Feline Kidney Stones – Know What to Look For

March 18, 2018 in Articles

I Love My Home

Why would a cat develop a problem with its kidneys? The most common cause of feline kidney stones is the dietary supplementation of isolated and synthetic nutrients, in particular, calcium and vitamin C. 

All living beings, including cats, were created to derive their nutrients from food.  Vitamins and minerals cannot be isolated, as they are co-dependent on many others for full and efficient absorption by the body.  Kidney stones, in fact, any problems related to the kidneys, are common in cats.

At best, these synthetic nutrients are excreted.  At worst, they cause internal problems, such as kidney stones.  All processed cat food will be supplemented by the manufacturer with additional nutrients, and most are very poor quality. The cheapest nutrients are the synthetic ones.  By feeding your cat a processed cat food, you are not only starving her of vital nutrients but may also be contributing to kidney stones and other kidney problems. Apart from the poor quality and the synthetic nutrients, the majority of processed cat foods contain harmful preservatives and additives despite the claims on the label.  So your cat is also probably experiencing a toxic overload, to add to her existing burden.

What Causes Feline Kidney Stones to Occur?

Feline kidney or urinary stones are formed when the urine becomes overly saturated with certain types of minerals. There are a number of different factors that can cause the oversaturation to occur. For example, your cat may experience changes in his pH level and certain minerals may become more concentrated in the urine, or certain stimulators and inhibitors may become present in the urine.

Some things that can cause these factors to develop include:

  • Genetics
  • Changes in diet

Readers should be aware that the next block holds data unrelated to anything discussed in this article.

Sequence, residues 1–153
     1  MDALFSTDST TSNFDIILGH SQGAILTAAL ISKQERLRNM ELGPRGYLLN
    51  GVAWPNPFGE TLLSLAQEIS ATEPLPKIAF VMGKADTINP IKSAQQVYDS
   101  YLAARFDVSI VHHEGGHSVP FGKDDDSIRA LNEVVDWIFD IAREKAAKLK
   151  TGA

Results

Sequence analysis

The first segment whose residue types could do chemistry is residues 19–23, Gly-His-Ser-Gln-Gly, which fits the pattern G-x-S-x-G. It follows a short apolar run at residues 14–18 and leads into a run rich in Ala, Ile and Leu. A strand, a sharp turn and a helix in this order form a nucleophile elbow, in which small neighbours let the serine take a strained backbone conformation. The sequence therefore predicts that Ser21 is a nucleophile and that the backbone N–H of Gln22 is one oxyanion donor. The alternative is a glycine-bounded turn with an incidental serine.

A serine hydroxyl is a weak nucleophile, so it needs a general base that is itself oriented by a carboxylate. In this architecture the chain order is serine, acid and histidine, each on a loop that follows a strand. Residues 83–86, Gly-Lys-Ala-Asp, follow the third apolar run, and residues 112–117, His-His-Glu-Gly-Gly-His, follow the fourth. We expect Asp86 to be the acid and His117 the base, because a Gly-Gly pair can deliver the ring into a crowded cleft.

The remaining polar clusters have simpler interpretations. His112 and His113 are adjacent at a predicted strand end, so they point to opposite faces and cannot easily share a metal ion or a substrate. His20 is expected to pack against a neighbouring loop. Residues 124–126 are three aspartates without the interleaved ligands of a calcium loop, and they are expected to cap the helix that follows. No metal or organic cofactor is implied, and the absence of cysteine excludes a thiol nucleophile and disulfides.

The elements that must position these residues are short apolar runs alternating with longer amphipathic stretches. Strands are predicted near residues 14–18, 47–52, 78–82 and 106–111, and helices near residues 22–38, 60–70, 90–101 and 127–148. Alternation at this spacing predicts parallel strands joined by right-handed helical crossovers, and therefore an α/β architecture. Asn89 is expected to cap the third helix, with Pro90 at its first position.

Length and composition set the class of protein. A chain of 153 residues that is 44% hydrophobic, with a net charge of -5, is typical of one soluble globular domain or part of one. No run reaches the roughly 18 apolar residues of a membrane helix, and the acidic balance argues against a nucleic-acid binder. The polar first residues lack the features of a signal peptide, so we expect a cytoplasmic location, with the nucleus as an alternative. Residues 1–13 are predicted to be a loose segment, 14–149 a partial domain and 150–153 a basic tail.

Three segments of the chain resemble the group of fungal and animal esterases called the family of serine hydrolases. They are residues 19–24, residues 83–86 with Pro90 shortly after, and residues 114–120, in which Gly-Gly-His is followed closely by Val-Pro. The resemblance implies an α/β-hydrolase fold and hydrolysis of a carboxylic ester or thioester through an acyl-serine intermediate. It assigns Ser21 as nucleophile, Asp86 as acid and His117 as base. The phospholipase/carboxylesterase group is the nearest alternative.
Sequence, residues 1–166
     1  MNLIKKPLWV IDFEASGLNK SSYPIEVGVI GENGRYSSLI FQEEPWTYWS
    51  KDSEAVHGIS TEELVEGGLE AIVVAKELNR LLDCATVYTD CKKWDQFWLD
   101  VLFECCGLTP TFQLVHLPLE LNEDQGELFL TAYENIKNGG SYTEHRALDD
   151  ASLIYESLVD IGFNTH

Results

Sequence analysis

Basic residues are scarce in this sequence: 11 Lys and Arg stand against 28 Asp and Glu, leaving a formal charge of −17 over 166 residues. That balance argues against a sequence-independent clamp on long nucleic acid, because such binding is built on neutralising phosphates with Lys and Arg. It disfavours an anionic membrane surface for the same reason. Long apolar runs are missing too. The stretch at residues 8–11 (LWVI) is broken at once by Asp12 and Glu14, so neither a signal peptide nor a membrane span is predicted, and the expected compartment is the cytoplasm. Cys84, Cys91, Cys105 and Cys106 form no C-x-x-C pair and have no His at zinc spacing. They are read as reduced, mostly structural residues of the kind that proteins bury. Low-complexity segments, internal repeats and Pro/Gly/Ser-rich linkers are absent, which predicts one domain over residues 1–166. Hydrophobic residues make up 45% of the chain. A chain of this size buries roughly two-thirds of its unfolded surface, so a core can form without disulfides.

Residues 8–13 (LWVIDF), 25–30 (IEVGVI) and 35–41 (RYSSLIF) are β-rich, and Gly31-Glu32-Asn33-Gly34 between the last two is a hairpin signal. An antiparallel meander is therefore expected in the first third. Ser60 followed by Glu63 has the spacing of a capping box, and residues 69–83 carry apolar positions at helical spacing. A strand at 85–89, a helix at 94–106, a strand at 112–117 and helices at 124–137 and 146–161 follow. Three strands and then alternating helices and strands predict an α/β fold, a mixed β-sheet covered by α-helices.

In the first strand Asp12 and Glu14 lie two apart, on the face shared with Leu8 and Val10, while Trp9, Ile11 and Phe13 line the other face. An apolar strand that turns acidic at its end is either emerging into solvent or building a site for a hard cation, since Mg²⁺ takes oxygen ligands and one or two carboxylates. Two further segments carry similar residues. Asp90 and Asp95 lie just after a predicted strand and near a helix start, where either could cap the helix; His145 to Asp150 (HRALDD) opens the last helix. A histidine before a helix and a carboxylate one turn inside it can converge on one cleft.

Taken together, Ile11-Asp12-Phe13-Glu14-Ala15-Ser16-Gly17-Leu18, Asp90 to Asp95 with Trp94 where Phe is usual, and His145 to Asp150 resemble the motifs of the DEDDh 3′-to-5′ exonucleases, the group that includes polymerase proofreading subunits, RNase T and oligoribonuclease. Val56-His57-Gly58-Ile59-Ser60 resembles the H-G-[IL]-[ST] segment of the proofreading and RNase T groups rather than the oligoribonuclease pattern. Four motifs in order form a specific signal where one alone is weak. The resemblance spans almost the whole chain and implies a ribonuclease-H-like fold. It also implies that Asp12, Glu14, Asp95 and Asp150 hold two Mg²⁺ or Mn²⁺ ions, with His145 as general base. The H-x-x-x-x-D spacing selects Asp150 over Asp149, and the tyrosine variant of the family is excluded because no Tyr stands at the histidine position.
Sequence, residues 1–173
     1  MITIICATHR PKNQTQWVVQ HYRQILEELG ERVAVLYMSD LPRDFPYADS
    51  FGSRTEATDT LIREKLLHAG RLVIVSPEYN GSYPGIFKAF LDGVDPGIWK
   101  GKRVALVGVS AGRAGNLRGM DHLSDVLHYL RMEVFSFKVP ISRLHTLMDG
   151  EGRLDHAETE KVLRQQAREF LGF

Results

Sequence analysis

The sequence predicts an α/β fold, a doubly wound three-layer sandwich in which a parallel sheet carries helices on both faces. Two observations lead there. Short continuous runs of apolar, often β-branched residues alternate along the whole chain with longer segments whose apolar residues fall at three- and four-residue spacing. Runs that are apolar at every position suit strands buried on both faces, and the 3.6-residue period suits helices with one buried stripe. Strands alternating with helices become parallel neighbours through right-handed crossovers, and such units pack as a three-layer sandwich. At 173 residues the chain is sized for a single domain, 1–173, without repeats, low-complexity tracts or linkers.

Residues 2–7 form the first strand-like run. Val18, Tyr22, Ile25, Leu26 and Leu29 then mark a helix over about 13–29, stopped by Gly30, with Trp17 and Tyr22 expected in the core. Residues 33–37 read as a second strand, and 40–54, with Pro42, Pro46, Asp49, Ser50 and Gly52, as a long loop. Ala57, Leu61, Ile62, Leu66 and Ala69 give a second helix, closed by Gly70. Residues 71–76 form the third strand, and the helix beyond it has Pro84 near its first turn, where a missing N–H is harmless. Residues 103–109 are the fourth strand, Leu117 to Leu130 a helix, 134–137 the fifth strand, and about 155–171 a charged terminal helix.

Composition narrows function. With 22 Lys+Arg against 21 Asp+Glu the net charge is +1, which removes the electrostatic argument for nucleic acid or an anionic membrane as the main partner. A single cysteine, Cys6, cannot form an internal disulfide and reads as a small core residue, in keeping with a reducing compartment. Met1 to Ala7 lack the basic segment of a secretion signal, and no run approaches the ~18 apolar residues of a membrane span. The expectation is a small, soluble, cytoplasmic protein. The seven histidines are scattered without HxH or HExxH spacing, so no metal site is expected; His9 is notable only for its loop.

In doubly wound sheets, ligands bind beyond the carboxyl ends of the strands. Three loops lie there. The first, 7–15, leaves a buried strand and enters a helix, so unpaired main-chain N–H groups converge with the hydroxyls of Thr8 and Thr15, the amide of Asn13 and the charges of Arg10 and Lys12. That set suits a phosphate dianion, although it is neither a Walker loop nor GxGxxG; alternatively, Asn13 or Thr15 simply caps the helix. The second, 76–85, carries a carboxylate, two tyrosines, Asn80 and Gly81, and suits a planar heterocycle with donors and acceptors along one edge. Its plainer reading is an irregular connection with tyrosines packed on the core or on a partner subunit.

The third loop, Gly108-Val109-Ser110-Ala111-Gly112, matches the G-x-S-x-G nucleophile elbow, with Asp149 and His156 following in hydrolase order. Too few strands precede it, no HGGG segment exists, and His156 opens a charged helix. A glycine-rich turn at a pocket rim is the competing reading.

• Changes in water intake
  • Certain metabolic diseases
  • Congenital problems
  • Bacterial infections

 

Symptoms of Kidney Stones

Symptoms of kidney stones in cats include frequent urination, often in small amounts, and often in unusual places. Your cat may begin to urinate outside of the litter box. Other symptoms include dribbling urine, and blood in the urine. Other symptoms include weakness, depression, loss of appetite, vomiting, and abdominal pain. In severe cases, your cat may not be able to eat at all. If your cat has kidney stones symptoms, you need to take your feline to the vet.  Kidney stones in cats is a serious medical condition that requires prompt medical treatment.

Diagnosis

If feline kidney stones are suspected, your vet will take x-rays. The stones will be white on the x-ray. Some stones don’t show up on x-rays and can only be seen by ultrasound. Your vet will look for stones elsewhere in the urinary tract as well. Your veterinarian will also examine your cat’s urine to determine if there is cystitis. Cystitis is a very common condition in pets with kidney stones.

My Personal Story:

About 10 years ago, one of my cats had developed kidney stones but I was not aware until the symptoms surfaced.  I did notice that he was very lethargic (at the time), had a loss of appetite, his ears were cold, and he would also cry, on and off. This went on for 2 days. Sylvester did not seem his usual self. So, I kept a close watch the entire day. (I was able to do this since I worked from home.)

When the second day passed and he still would not eat, I knew I had to get him checked right away. I also took note that he would go in and out of the litter box, often, but I saw that no urine was coming out, or maybe just a few drops.

When we arrived at our veterinarian’s office, he took an x-ray of our cat. It was confirmed that our cat had kidney stones. Sylvester stayed at the vet’s office for three (3) days, with an intravenous drip (24/7) and, thank God, his stones had passed when he urinated.  This was a huge expense, but we love our pets!  And, at the time, I was not aware of natural remedies that could have helped.

My cat needed that continuous IV fluid going through his body in order for his stones to pass. Sometimes, it is not as simple as this and they do not pass through the urinary tract.  Had I not brought my cat, Sylvester, to the vet, he would have died within a few days because he could not urinate due to the stones causing a blockage, as we were advised by the vet. This was causing a toxic overload in his body.

When we took him home, we put Sylvester on a special raw-food diet (organic meats only), made sure he always had fresh water available and kept an eye on him … just to make sure everything was okay. He lived a full life of 18 years and did not experience this problem again because I decided that I would never give my cat commercially-made cat food ever.

Preventing This Problem From Occurring 

Cats are such resilient pets that they do not always show tell-tale signs when they experience internal pain. For this reason, it is important to prevent your cat from facing the potential dangers and pain from kidney stones.

Have Clean Water Readily Available At All Times